Govt must protect consumers from rising oil prices
The situation has become even more untenable as slackening consumer demand is hurting revenue growth.
Crude oil prices have become volatile again after a period of relative stability, sending jitters across economies of oil-importing countries. It began with big oil producers Saudi Arabia and Russia combining in July to cut a total production of 1.3 million barrels per day. This pushed up crude oil prices that had been hovering around $75-85 a barrel since last October. Earlier this month, the two extended the production cuts to the end of December 2023, pushing up the benchmark Brent crude to around $94 a barrel for the week ending September 15. There has been talk of crude hitting $100 again, but by Tuesday, despite the cut in production, prices began to slip amid concerns that fuel demand will be curbed by major central banks holding interest rates higher for longer.
All this is leading to some diplomatic realignment. The Saudis are claiming they need more oil money to fund Vision 2030, an ambitious plan to reduce the kingdom’s dependence on oil. However, the US is not amused and has hinted at imposing sanctions on its former close ally. Higher prices would also help Russian President Vladimir Putin fund his war on Ukraine. At home, though, all this is bad news. Indian companies that had increased their profit margins in the last few quarters are seeing the margins evaporate as oil and energy bills surge. The situation has become even more untenable as slackening consumer demand is hurting revenue growth.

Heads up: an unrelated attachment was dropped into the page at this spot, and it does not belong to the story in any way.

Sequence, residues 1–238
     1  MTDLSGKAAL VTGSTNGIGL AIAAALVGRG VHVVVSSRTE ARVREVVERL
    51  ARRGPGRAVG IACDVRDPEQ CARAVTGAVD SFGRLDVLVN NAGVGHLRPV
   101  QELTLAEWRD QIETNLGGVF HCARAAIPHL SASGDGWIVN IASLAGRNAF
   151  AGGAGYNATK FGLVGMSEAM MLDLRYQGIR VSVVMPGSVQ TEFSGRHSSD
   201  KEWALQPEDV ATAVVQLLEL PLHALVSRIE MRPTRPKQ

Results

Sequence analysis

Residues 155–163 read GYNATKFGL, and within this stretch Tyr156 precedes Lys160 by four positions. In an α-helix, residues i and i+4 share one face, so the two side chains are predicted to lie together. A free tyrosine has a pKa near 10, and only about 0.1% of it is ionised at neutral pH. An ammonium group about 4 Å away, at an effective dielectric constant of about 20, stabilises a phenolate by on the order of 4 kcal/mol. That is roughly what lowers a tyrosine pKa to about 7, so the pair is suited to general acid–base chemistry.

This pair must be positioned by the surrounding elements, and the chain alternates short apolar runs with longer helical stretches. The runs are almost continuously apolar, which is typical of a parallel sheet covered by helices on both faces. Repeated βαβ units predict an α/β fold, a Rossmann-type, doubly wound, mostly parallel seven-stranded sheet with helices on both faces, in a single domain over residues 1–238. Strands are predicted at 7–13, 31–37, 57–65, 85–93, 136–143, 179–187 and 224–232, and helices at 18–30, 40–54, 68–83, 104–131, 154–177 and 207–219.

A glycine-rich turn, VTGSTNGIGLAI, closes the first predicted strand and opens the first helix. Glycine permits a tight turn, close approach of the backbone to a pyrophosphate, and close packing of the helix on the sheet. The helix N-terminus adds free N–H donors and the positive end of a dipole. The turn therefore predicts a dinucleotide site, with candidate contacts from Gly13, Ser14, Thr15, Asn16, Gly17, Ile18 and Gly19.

On the broader economic stage, with India importing 85 percent of its oil, rising crude prices will mean a heavier import bill and will dent our reserves. In the longer term, the domino effect can be serious. Higher energy costs will add to the inflationary pressure caused in recent months by the soaring food prices. With less disposable income, family spends will be curtailed, causing a pullback in overall demand. It has all the makings of a recession combined with inflation, a potent decelerating force. In this situation, the government will do well to keep fuel prices under check and not pass on the entire burden to the common man. In the past, when crude prices had fallen to below $60 a barrel, only a fraction of the saving had been passed on to consumers. By the same logic, consumers cannot be ordered now to pay for higher crude bills. These should be set off against the windfall gains made last year.